Help HMNS track monarch migration! Look for these tags on monarch butterflies in Houston and report back.


November 12, 2012
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Join the league of citizen scientists by helping HMNS track the migratory patterns of monarch butterflies. Taking a page from zoologist and monarch expert Dr. Fred Urquhart’s book, HMNS staff caught and tagged dozens of monarch butterflies as part of a national effort to track their migration from Canada to Mexico.

Track monarchs with HMNS!You can help our efforts by keeping an eye out for monarchs in the Houston area with tags on their wings. These small, circular tags were designed for this very purpose, with heat-activated adhesive that responds to the warm touch of gentle volunteers. Pretty cool, huh?

Track monarchs with HMNS!If you spot a live monarch flitting about with one of these tags, give yourself a pat on the back for your excellent eyesight and keep moving. Monarch wings are covered in tiny, delicate scales, so don’t try to snatch it. But if you spot a deceased monarch with a tag, stop and pick it up. You may be holding a world traveler.

Track monarchs with HMNS!Every fourth generation of monarch butterfly is a “super generation” that travels thousands of miles and lives 10 times as long as their predecessors. There is no physical distinction that separates these superhero insects from their peers, but HMNS Horticulturalist Zac Stayton recommends looking for extra wear-and-tear on the wings, suggesting these specimens may have traveled farther. He also notes that the super-generation seems less preoccupied with mating.

(And — a testament to our great state of Texas — there are entire populations of monarchs that, once arriving in the Lone Star State, opt never to leave.)

If you find a deceased monarch butterfly with its wing tagged, note the sex and report your keen-eyed sighting to tag@ku.edu or by calling 1-888-TAGGING.

You can tell the gender of a monarch by looking at its wings. The males have two black dots, like so:

Track monarchs with HMNS!To learn more about the advent of citizen scientists and how curious everyday citizens helped pin down the migratory patterns of monarchs, see our Giant Screen Theatre film, Flight of the Butterflies.

Caroline
Authored By Caroline Gallay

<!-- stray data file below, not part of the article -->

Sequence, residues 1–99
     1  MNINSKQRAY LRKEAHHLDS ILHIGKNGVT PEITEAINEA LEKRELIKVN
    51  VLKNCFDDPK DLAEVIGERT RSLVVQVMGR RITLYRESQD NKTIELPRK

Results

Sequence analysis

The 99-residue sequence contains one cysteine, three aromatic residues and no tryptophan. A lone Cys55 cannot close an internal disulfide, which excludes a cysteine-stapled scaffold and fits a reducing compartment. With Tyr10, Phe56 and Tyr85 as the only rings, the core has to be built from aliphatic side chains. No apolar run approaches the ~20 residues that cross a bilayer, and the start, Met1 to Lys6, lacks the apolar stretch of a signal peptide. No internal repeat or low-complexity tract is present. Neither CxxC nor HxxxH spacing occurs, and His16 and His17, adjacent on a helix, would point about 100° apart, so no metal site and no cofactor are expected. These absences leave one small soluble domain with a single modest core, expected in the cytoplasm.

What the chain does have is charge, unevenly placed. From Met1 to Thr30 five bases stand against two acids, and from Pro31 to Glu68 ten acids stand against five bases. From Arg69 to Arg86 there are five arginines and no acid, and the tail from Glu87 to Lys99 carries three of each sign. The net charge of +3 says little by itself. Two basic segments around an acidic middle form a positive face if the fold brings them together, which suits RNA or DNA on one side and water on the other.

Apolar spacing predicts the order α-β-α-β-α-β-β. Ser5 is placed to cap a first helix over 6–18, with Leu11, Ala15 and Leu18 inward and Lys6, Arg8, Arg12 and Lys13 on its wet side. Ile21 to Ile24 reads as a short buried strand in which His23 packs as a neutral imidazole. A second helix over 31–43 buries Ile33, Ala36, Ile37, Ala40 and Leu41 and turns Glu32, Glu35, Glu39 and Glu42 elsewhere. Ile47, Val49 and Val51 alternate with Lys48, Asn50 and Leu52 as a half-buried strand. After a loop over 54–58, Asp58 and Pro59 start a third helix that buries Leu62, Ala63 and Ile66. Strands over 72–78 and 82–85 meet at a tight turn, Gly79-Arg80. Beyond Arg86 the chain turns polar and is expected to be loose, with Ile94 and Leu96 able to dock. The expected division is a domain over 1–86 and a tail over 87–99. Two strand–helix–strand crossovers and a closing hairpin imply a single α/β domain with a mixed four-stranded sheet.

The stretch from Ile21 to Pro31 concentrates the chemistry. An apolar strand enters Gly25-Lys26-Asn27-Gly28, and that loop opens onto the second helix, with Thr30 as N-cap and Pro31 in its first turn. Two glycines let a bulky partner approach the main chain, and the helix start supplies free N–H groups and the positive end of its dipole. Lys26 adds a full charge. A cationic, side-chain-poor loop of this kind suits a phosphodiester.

Caroline was the Digital Media Editor at HMNS from 2012 to 2013. She was responsible for telling the Museum’s story online. You could find Caroline on the site profiling characters around the museum and making sure you knew what the what was going on around this crazy/awesome place.

5 responses to “Help HMNS track monarch migration! Look for these tags on monarch butterflies in Houston and report back.”

  1. Greg Johnson says:

    I did this as a kid in fifth grade in Canada, and met Dr. Urquhart… in fact, I believe he was related to my teacher that year. We tagged hundreds or thousands of Monarchs as part of a study he was doing for the University of Toronto.

    How cool to see this, 35 years later!

    Greg Johnson
    Sugar Land

  2. DANIEL MILLBAUER says:

    Spotted what appeared to be a female monarch flitting about The MacDowell Colony in Peterborough NH on Tues 9/20/16 with a tag that looks like one of yours:

    TAG@KU.EDU
    MONARCH WATCH
    1-888-TAGGING
    WPH 848

  3. Cindy Horner says:

    We saw a tagged monarch today, Sept. 24, 2016, in Lincoln, NE. It was on flowers in the Sunken Gardens. The tag code was WMT 086.( I left a message on your tag line too.) I never knew about tagging butterflies!

  4. Lise Clément says:

    We saw a tagged monarch today, Sept. 30, 2016, we leave in Laval city, Quebec, Canada in flowers, he is alive. The tag code was WAA252. 🙂

  5. Deborah Fairchild says:

    A student from Westmount High School found a dead tagged monarch on Mount Royal Montreal in Montreal QC. Oct 11 2016
    The tag # was WAE 092
    I saw no links to report the tag on the website and the phone number did not exist.
    Could you please report the tag?

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